I’m sorry to say, that the informal data coming out of Hepatitis Australia, which is our national body, shows that for each month last year treatment numbers were down to around 1,200 per month.

Come December and January, the numbers came down to 900 per month. They get that data from a number of sources, including their relationships with the pharmaceutical companies, and it’s almost real time data.

It is common practice that once the treatment numbers stay at a new rate of however many per month, it’s the December/January period that sets the scene for the new year ahead.

So, right now, we are looking at treatment numbers per month across Australia of only between 900 to 1,000 people accessing the new DAAs.

If you look at the targets of between 1,500 and 1,800 per month needed to eliminate hepatitis C, then I’m afraid, we are not looking too good right now, unless there is significant additional investment and effort provided to get people into treatment and cure.

And that needs to be done by a number of methods, which include awareness raising.

There are other strains of hepatitis, the most common being A and B. How do these different strains of hepatitis relate and differ to one another?

The three main kinds of viral hepatitis in Australia are hep A, B and C. Hepatitis A, I am very pleased to say, is not a public health concern in Australia at all. It’s pretty well managed, especially amongst men who have sex with men.

In some very isolated cases the hep A virus – which is transmitted by the fecal-oral route – has contaminated food products. It’s very rare. But, the media tend to blow it out because it’s an interesting thing.

Years ago, at Wallis Lake on the NSW Mid-North Coast, we had a batch of oysters infected with the hep A virus. And they got into one restaurant in Sydney and a number of people got very sick.

Hep A is not a public health concern. It’s sporadic outbreaks. The most recent one was around frozen berries of a particular brand. Faeces contaminated with the hep A virus got into that food product and got into small products in the community.

There’s no treatment for hep A. You just wait, rest and you don’t drink alcohol. And it is gone for most people.

There is a case of fulminant hepatitis A, which can be very serious through some combination of health factors. It impacts upon the liver very seriously and people can die from it. But, we are talking about less than one in a hundred.

Hep B is massive. Nowadays, because of the success of the DAA methods and cure, the numbers of people living with hepatitis B are far higher than hepatitis C. In Australia, we had around 230,000 people living with chronic or ongoing hepatitis B at the end of 2017.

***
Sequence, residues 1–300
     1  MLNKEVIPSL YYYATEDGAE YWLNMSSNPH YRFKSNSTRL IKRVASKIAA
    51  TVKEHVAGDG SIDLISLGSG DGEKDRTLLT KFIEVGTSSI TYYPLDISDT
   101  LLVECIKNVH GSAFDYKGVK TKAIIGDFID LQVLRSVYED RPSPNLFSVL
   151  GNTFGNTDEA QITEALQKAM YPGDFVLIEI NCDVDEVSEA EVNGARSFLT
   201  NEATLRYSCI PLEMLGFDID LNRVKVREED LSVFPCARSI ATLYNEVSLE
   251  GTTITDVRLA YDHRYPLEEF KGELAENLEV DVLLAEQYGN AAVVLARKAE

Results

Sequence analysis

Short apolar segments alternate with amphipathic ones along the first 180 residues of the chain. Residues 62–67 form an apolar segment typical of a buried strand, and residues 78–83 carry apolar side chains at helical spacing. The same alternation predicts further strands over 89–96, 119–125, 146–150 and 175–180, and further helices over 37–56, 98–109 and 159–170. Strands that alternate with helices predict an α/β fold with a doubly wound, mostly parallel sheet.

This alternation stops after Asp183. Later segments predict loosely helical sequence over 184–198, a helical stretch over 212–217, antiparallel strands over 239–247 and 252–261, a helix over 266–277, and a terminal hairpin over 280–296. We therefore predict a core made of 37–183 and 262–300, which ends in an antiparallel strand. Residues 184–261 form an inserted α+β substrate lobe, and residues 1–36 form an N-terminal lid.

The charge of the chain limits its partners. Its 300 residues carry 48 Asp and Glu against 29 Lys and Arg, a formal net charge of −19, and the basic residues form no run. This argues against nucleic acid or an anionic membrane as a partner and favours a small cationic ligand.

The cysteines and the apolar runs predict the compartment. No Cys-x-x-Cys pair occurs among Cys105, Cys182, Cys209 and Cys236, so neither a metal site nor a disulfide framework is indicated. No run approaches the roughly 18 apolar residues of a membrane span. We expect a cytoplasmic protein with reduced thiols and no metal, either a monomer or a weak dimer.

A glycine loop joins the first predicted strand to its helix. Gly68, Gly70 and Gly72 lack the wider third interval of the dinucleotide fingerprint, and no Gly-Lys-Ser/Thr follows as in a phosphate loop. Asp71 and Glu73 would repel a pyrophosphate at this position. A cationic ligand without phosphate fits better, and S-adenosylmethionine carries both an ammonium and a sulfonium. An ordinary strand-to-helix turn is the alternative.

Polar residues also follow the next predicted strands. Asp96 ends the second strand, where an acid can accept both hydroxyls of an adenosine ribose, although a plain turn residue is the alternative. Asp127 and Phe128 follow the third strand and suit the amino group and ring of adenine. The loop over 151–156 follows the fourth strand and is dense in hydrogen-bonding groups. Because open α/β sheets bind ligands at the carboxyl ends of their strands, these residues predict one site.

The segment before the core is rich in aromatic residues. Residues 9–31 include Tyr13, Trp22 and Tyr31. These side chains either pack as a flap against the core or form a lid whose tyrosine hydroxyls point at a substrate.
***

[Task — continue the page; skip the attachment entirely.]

That’s where there are very few government efforts happening to get people already living with hepatitis B into testing, into liver health management and into treatment, where it is needed.

Compared with hep C, hep A is not an issue at all. But, hep B is a big issue. And governments need to do a whole lot more, as most people with hep B are living in particular geographical areas – in Melbourne or Sydney, the big capital centres – because largely they are the people who it affects.

You’ve been with Hepatitis NSW since 1997. How would you describe the role your organisation plays in the community?

Hepatitis NSW is here for all people with viral hepatitis. We provide information, support, referral and advocacy services on behalf of people living with hepatitis C or B.

One of our biggest strengths, together with organisations like NUAA, is that we engage peer workers to help reach people living with hep C and we do outreach in communities of people living with hepatitis B.

We are a community-based organisation working on behalf of people living with hep C or hep B.

And lastly, Mr Loveday, for those in the community living with hepatitis C or B who would like to seek help how should they go about doing that?

There are two things that they can do. There is the Hepatitis Infoline here in NSW. And there’s one in each of the states and territories.

The number to call is: 1800 803 990.

That’s a free, confidential information and support line. It’s open during normal business hours.

People can phone up for information and support: not just people living with hepatitis, but their families, their friends, health workers, concerned citizens, lawyers, anybody.

Plus, there’s the Hepatitis NSW website.

Both of them are very good places to go for information and support.


Paul Gregoire

Paul Gregoire is a Sydney-based journalist and writer. He has a focus on human rights issues, encroachments on civil liberties, drug law reform, gender diversity and First Nations rights. Prior to Sydney Criminal Lawyers®, he wrote for VICE and was the news editor at Sydney’s City Hub.